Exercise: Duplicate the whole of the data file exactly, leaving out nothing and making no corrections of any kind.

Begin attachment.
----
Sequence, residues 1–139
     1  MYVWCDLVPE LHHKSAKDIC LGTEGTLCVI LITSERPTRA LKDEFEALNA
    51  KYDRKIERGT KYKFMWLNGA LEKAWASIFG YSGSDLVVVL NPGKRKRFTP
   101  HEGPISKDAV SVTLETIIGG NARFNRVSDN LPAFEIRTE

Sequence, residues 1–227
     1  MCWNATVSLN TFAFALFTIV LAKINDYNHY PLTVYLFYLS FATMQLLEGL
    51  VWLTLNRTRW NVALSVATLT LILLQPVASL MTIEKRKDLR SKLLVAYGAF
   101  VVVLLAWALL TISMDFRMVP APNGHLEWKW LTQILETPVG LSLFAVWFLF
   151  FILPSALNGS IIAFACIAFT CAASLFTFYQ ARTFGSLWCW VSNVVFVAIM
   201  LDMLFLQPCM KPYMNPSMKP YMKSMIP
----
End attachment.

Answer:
Sequence, residues 1–139
     1  MYVWCDLVPE LHHKSAKDIC LGTEGTLCVI LITSERPTRA LKDEFEALNA
    51  KYDRKIERGT KYKFMWLNGA LEKAWASIFG YSGSDLVVVL NPGKRKRFTP
   101  HEGPISKDAV SVTLETIIGG NARFNRVSDN LPAFEIRTE

Sequence, residues 1–227
     1  MCWNATVSLN TFAFALFTIV LAKINDYNHY PLTVYLFYLS FATMQLLEGL
    51  VWLTLNRTRW NVALSVATLT LILLQPVASL MTIEKRKDLR SKLLVAYGAF
   101  VVVLLAWALL TISMDFRMVP APNGHLEWKW LTQILETPVG LSLFAVWFLF
   151  FILPSALNGS IIAFACIAFT CAASLFTFYQ ARTFGSLWCW VSNVVFVAIM
   201  LDMLFLQPCM KPYMNPSMKP YMKSMIP